Patton had a large family and several slaves. Together, they cleared the rest of the land and established a large sugar plantation. They also built a "sugar house" to extract the sugar from the cane. This is one of the sugar kettles used to concentrate sugar syrup.

The sugar house was destroyed by the 1900 hurricane, but the brick foundation is still visible today. During the cane harvest season, the sugar house ran 24 hours a day. Sugar was obtained from sugar cane by extracting juices from the center of the cane, and concentrating it in a series of evaporation kettles.

During the 1840s, Patton owned as many as 80 slaves, all of whom must have worked long hours during the cane harvest season.

Patton also constructed a home for his family -- the Plantation House. The walls are constructed of bricks made by slaves from local clay. The home is still standing today, although it's undergone extensive renovations since Patton's day.

This is the earliest known photograph of the Plantation House, although it was taken in 1903, long after Patton sold the property.

A lot of things happened during the latter half of the 19th century...
  • Columbus Patton died in 1856, and his family sold the property.
  • During the next several years, the property changed hands several times.
  • The Republic of Texas became the State of Texas in 1856; it then seceded to join the Confederate States of America during the Civil War, and was finally readmitted to the United States in 1870.
  • James Stephen Hogg served as Texas Governor for four years.
  • The storm of 1900 -- apparently a hurricane/tornado combination -- destroyed the Sugar House, the slave quarters, and several other buildings, but it missed the Plantation House.

James Stephen Hogg served as governor of Texas from 1891 to 1895. After he left office, he established a law practice in Houston, and purchased the Plantation as sort of a weekend retreat.

Hogg suspected that oil might lie hidden under the property. He died in 1906, but his will specified that the property could not be sold for 15 years.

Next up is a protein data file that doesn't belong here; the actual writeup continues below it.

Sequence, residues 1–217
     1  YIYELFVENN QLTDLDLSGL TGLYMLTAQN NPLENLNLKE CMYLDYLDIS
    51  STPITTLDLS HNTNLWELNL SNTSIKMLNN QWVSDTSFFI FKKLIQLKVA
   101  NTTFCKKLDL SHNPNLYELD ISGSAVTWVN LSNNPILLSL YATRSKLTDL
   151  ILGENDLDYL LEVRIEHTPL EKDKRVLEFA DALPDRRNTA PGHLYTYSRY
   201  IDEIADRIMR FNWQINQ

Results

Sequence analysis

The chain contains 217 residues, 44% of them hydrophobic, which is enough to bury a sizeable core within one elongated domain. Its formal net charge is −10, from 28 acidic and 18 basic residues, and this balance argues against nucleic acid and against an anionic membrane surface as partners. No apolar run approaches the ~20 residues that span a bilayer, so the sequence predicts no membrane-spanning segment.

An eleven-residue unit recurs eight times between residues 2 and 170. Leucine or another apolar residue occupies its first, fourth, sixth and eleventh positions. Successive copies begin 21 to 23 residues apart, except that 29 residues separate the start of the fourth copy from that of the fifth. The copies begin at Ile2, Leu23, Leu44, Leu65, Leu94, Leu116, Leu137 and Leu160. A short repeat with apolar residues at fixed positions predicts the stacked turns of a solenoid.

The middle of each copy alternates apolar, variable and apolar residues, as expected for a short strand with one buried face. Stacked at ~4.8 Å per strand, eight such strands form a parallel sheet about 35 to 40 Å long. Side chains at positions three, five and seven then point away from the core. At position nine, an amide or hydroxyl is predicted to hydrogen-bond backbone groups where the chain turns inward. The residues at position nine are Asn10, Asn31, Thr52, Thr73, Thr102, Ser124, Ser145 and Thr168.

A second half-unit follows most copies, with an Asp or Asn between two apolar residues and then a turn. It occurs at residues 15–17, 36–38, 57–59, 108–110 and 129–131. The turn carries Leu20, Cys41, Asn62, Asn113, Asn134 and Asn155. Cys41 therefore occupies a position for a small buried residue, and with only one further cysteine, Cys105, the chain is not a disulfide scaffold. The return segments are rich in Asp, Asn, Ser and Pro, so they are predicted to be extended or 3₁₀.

Governor Hogg's suspicions were correct: oil was indeed discovered on the property. His four children became quite rich.

But the property must have been an environmental disaster by the end of the oil era. In this historic photo, the Plantation House is completely surrounded by oil derricks. [Point out Plantation House.]

The electric drive mechanism for one of the wells -- named "Miss Ima #4" in honor of Governor Hogg's daughter Ima -- can be seen on the site today.

After Hogg's death, his children continued to use the home. His daughter Ima -- affectionately known as "Miss Ima" -- renovated the home, adding modern conveniences but retaining period furnishings. The exterior you see today is stucco, applied over the old bricks which were deteriorating.

In 1958, Miss Ima donated the 53-acre parcel containing to the Plantation House to the State of Texas. The property is now operated by Texas Parks & Wildlife as the Varner-Hogg Plantation State Historic Site.

Our Master Naturalists Team 2 visited the site in October to learn about the Plantation, and to conduct a species inventory.

What did we find?

We found a "planted landscape": lawns . . . fences . . . ornamental plantings around the Plantation House arranged for shade or interest.

By the way, notice the color of the paint on the roof of this breezeway. Anybody know why that is?

Answer: It's painted to look like the sky so mud dauber wasps don't build nests under the roof.

We encountered landscape plantings around several buildings. Note the sugar kettle recycled as a lily pond.